Cheer Up, Charlie: Who Didn't Get Nominated for a 2017 Tony Award?
''Amélie'', ''A Bronx Tale'', ''Oh, Hello'', and ''Cats'' get the boot from the Tony nominators.
Charlie Bucket may have a golden ticket, but he doesn't have a Tony Award: Charlie and the Chocolate Factory, the new musical that ran in London for over three years and earned two Olivier Awards, received no Tony nominations this year. (The show did receive one Drama Desk nomination last week — for Basil Twist's puppets.) This snub may not come as a huge surprise to observers of the rialto: The show was almost universally panned by the critics, with the pre-opening chat board snark turned up to 10. As a slight consolation, the production will get to claim that its leading man is a Tony nominee: Christian Borle received a nod for his performance earlier this season in the Lincoln Center Theatre revival of Falsettos.
Charlie joins Amélie and A Bronx Tale in the total snub club: All three of these new musical were completely ignored by Tony nominators, despite strong performances by Phillipa Soo and Nick Cordero in their respective leading roles.
War Paint, the soporific new musical about makeup moguls Elizabeth Arden and Helena Rubinstein, was recognized for its two formidable leading ladies, Patti LuPone and Christine Ebersole. The two will go head-to-head in the category of Best Performance by an Actress in a Leading Role in a Musical. Despite that, the musical won't be in the running for Best Score, Best Book, and the all-important Best Musical Awards. New musicals Anastasia and Bandstand also had meager showings, with just two nominations each.
Andrew Lloyd Webber can rightfully claim this is his biggest Broadway season ever, with four productions running simultaneously in New York. He won't be able to garnish that achievement with a Tony, though: Neither the revival of Cats nor Sunset Boulevard was recognized. Granted, the latter production was somewhat limited in its prospects from the beginning: Glenn Close already won a Tony in 1995 for her performance as Norma Desmond, making her ineligible this year. Yes, everything's as if we never said goodbye.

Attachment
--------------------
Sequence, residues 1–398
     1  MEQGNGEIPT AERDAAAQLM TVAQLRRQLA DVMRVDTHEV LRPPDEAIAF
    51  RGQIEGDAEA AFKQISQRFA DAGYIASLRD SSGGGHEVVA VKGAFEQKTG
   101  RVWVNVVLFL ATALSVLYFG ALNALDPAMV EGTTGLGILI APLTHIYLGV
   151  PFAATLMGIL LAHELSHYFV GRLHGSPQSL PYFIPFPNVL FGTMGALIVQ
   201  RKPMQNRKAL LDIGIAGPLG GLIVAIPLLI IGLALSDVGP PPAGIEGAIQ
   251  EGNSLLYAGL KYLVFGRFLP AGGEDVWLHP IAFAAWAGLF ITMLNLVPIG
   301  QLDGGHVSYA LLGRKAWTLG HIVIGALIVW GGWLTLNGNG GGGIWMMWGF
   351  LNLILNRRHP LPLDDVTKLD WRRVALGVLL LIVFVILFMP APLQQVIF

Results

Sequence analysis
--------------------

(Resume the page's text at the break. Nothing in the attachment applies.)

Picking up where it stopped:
The nominators once again showed a palpable preference for drama over comedy: Of all the Best Play nominees, only Lucas Hnath's A Doll's House, Part 2 could be categorized as a comedy, and that is a major stretch. The nominators passed on Nick Kroll and John Mulaney's new comedy, Oh, Hello. Meanwhile, the London transfer of Mischief Theatre's hyperactive farce, The Play That Goes Wrong received just one nod: for Nigel Hook's artful disaster of a set.
The nominators were none too fond of director Sam Gold's radical reimagining of Tennessee Williams' The Glass Menagerie. The production received one nod, for Sally Field in the category of Best Performance by an Actress in a Leading Role in a Play. Gold isn't likely to be too fazed today though: He was nominated in the Best Direction category for his work on A Doll's House, Part 2.
As with previous years, Tony prospects significantly dim once the marquee does: Of the 106 nominations handed out today, 16 went to closed productions, with the revivals of Jitney (six noms) and Falsettos (five) leading the pack. Closed shows In Transit, Significant Other, and Les Liaisons Dangereuses were completely shut out, despite strong notices for individual elements in all three.
While Simon McBurney's now-closed solo show, The Encounter, was not placed in a competitive category, Gareth Fry and Pete Malkin will receive a special award for their intimate binaural sound design. This is perhaps a conciliatory move from an awards committee that has not recognized sound design for the last several years (something set to change in 2018).
Unlike last year's Hamilton blowout, this season features multiple strong contenders in all of the major competitive categories. Expect fierce competition for the top prizes of Best Musical and Best Play. In a season this strong, there is no real shame to be snubbed: You've been bested by the very best.